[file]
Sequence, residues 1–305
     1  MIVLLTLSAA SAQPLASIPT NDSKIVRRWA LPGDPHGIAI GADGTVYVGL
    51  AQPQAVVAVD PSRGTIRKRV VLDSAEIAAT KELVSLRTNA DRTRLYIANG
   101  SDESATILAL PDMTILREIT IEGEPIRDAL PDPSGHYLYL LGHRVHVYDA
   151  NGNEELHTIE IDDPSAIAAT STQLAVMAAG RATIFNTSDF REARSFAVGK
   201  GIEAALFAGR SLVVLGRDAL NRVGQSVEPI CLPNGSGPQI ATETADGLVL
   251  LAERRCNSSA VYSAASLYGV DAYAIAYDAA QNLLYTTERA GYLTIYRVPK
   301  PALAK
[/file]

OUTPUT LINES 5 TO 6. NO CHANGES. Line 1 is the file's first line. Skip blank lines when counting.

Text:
   151  NGNEELHTIE IDDPSAIAAT STQLAVMAAG RATIFNTSDF REARSFAVGK
   201  GIEAALFAGR SLVVLGRDAL NRVGQSVEPI CLPNGSGPQI ATETADGLVL